So is there a better way to redefine and reclaim value? From my perspective, true value should be derived from a building’s financial value as well as its usefulness and beauty. I believe a notion of value that includes both measurements would transcend boom-and-bust cycles, and could be reclaimed by a return to responsible and thoughtful design. Small houses occupy a unique space in this equation because they have inherent worth in both realms. More than 2,000 years ago, the Roman architect Vitruvius said every good piece of architecture must have firmness,
Left: Large windows bring extra light and a sense of openness into smaller homes. Right: A 1,400-square-foot house in Islesboro, Maine features whitewashed exposed interior framing that adds another level of visual interest.
commodity, and delight. Houses will have firmness if they are built well, commodity if they fit the way we live, and delight if they bring visual pleasure. Many of the large houses built during the boom years lack those attributes. I would even argue that the loss of value they experienced was as much a result of their poor design as it was an over-inflated real estate market. I’m not arguing that all large houses are poorly designed or inherently bad, but rather that a smaller, well designed house has a much better likelihood of offering true financial and psychological value to their homeowners. Small houses will have better financial value because one is likely to use one’s construction budget more wisely on a smaller house. Instead of spreading the money around to fill out a large volume, you will probably concentrate your costs on better quality and unique items in the house (such as built-ins, stairs, or fireplaces). Think about it this way: If you have fixed budget, would you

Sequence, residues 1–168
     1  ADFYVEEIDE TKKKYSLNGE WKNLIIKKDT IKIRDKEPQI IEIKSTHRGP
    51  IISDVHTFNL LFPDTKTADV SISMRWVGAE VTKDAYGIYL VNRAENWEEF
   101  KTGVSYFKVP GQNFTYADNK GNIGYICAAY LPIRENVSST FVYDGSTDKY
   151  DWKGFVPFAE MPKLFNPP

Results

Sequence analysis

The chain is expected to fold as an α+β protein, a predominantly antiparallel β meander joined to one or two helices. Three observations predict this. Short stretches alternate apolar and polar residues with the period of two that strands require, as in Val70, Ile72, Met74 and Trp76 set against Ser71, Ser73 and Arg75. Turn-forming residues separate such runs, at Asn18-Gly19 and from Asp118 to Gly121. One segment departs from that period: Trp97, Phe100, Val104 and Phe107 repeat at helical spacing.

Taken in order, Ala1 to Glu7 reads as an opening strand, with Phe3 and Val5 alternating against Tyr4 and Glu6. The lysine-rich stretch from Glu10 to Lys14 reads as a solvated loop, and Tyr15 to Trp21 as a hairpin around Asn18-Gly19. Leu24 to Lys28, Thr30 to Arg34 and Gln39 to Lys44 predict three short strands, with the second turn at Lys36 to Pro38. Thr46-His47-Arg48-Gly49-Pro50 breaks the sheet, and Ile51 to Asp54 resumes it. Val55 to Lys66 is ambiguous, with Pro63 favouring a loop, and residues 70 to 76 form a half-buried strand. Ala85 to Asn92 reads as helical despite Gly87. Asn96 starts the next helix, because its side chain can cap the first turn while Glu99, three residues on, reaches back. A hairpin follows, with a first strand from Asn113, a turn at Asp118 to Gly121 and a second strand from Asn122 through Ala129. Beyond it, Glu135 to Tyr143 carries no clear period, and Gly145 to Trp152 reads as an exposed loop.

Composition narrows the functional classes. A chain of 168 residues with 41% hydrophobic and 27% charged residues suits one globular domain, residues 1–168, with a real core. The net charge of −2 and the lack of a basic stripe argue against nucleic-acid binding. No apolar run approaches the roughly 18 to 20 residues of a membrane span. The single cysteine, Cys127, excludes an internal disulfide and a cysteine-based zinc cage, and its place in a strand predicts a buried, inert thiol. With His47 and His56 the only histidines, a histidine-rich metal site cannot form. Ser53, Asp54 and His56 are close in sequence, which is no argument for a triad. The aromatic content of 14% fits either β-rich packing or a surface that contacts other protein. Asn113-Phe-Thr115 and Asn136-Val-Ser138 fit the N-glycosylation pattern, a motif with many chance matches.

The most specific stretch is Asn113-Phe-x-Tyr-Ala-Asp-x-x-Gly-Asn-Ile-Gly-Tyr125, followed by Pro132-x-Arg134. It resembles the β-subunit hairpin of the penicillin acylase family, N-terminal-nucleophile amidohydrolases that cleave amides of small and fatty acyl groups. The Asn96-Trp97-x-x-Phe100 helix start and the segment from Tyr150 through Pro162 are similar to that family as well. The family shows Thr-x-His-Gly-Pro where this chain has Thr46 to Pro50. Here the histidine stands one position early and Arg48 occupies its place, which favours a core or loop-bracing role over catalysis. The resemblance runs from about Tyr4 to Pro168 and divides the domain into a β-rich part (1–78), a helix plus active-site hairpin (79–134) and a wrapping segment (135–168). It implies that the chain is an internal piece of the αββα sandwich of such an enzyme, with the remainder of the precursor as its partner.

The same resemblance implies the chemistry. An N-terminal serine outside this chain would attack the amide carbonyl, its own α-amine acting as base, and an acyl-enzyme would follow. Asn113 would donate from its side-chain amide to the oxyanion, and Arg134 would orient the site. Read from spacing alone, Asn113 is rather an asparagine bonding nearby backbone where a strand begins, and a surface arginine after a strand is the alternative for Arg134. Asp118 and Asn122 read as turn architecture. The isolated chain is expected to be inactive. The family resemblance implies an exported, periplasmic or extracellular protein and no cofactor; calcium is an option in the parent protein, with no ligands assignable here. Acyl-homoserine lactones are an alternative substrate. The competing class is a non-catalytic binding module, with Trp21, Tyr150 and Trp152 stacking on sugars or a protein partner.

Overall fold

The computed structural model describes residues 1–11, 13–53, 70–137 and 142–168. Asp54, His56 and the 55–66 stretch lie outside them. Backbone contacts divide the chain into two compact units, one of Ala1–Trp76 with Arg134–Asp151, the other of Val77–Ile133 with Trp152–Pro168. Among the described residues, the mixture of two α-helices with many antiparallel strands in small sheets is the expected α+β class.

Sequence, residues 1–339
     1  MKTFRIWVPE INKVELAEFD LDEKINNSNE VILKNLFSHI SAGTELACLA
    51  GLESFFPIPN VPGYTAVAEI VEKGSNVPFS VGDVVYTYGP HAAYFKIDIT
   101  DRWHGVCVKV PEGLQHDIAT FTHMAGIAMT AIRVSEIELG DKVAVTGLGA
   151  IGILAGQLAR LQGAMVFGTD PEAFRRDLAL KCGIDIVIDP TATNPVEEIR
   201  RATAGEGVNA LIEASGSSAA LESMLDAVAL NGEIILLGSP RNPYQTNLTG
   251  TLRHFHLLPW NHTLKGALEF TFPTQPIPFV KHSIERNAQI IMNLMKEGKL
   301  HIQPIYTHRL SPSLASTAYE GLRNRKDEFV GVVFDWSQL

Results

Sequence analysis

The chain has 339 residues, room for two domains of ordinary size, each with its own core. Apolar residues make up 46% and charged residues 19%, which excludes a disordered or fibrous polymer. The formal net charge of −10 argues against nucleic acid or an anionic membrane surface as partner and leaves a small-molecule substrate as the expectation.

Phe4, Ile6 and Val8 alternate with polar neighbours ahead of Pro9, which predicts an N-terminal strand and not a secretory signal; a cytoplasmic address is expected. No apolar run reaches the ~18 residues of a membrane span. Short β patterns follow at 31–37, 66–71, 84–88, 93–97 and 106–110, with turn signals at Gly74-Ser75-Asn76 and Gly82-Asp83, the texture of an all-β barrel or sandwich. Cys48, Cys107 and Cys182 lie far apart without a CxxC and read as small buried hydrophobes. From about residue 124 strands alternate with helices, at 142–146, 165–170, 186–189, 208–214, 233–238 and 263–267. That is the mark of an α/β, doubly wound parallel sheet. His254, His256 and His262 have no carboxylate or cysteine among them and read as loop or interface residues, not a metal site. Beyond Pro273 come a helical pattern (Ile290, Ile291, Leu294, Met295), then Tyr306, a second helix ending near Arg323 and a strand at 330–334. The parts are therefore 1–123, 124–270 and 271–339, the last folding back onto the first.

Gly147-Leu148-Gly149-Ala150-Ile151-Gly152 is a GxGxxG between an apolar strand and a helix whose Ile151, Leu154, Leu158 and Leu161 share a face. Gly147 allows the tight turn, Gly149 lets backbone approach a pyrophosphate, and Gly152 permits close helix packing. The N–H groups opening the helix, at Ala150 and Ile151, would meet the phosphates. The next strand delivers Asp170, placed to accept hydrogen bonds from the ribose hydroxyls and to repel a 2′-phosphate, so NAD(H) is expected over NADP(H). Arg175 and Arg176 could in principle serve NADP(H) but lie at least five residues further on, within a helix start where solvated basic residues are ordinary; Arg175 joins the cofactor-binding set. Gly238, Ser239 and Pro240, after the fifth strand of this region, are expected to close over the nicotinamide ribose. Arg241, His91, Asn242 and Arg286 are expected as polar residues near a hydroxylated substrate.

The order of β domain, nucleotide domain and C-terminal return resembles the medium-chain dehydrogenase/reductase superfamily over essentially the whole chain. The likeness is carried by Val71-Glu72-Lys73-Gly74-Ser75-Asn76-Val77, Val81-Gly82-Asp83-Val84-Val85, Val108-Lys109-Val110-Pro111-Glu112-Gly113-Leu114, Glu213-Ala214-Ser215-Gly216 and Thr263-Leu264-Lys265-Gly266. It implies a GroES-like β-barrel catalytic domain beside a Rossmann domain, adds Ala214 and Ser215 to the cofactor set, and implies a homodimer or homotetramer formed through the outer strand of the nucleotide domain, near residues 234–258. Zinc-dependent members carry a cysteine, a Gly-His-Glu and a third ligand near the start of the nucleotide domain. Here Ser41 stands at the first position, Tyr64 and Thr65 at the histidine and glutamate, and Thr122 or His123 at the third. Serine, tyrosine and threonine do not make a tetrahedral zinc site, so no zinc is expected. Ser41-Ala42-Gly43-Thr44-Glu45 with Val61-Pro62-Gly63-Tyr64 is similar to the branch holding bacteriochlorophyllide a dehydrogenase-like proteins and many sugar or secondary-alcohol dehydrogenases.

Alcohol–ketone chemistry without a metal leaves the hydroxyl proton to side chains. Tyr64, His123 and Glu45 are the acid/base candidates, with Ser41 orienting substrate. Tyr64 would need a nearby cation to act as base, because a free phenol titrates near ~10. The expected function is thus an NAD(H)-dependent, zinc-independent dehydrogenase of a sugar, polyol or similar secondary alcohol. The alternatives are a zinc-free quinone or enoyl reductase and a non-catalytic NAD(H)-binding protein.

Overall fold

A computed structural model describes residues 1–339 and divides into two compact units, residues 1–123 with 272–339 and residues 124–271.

get a better house if it was 4000 square feet or if it were 2000 square feet? Obviously, the 2000 square foot house would be less expensive to build in the first place, but thinking smaller helps focus your interests and will result in better quality. Better built houses are more likely to hold their financial value longer riding out boom and bust cycles. Small houses will also have better psychological value because it’s natural to feel better living in a house of good quality that has been thoughtfully considered in all its aspects; site, plan, exteriors, and details. These attributes are day-to-day direct experiences in a small house. Who hasn’t experienced the quality of a better car, a better chair or, in today’s world, a better mobile phone? The iPhone is so magnificent not just because of its usefulness but because it’s designed and built well too. It gives us real pleasure because it is all of these things, and I would argue a well-designed and well-built small house also provides the same psychological pleasure. Small houses are not necessarily for everyone, but I would suggest that in this world of decreasing resources, they can offer an opportunity to redefine the true meaning of value in our homes. True value not just defined financially, but also as Vitruvius did: in firmness, commodity, and delight. ✪